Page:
Then what happens?

1. Offer acceptance

If all of the conditions of the sale are met (e.g. subject to finance, subject to sale, subject to building and pest inspection), the offer will then officially be accepted and the buyer and seller will proceed to the next stage, where contracts are exchanged.

2. Contracts exchanged

Once a seller officially accepts an offer for their home, the buyer then pays a small deposit and the two parties exchange identical, legally binding Contracts of Sale and the property will officially be under contract. This however doesn’t mean that the sale is finalised.

The cooling-off period

Following the exchange of contracts there is a cooling-off period. Depending on the state, the minimum cooling-off period varies but it can usually be extended by negotiation.

  • NSW - five business days
  • Queensland - five business days
  • Northern Territory - four business days
  • Victoria - three business days
  • South Australia - two business days
  • Tasmania - no mandatory cooling off period
  • Western Australia - no mandatory cooling off period.

The buyer can conduct further inspections or may just change their mind and decide to pull out of the contract during this cooling-off period.

However, there is a penalty fee associated with pulling out. In NSW and Queensland it’s 0.25% of the sale price, in Victoria it’s 0.2% and in South Australia it’s up to $100.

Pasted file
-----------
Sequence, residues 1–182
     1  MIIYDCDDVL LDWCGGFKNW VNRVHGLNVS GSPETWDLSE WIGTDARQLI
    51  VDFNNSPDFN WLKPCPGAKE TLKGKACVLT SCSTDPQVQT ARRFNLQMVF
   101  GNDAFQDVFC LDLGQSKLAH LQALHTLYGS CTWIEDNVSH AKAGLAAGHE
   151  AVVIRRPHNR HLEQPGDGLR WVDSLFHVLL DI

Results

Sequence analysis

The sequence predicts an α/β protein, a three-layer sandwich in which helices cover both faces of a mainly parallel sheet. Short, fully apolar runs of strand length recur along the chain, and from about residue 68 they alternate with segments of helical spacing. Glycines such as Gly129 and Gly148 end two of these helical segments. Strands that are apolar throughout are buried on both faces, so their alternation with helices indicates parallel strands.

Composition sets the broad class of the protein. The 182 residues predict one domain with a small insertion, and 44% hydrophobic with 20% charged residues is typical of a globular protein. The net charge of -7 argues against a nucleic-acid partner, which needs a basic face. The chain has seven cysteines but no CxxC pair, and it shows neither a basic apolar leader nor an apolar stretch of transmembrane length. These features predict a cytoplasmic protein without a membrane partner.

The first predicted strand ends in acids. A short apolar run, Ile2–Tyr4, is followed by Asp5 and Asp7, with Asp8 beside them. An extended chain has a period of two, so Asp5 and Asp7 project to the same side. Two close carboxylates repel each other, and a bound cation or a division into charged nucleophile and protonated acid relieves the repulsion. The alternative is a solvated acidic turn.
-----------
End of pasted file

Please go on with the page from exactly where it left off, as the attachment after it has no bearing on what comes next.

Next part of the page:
Final step - Settlement

At this point the sale is completed. The buyer pays the remainder of the contract price to the seller and get’s the keys to their new property. The period of time between exchange of contracts and settlement is known as the settlement period and can take anywhere between one to three months.

So what is an Under Offer property?

When a home is under offer, it cannot be sold to anyone else. However, because offers to buy can often fall through the vender is still allowed to keep the property on the market and hold inspections.

If you find yourself in a position where you are interested in a property but it’s under offer, while you can’t actually make an offer, you can express your interest in the property to the real estate agent. If the initial deal happens to fall through, the agent is likely to approach you.

If you’re ready to inquire about finding a home loan right for you, check out our competitive home loans or chat to one of our lending specialists to help you get into the property market.

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About the article

As Australia's leading online lender, loans.com.au has been helping people into their dream homes and cars for more than 10 years. Our content is written and reviewed by experienced financial experts. The information we provide is general in nature and does not take into account your personal objectives or needs. If you'd like to chat to one of our lending specialists about a home or car loan, contact us on Live Chat or by calling 13 10 90.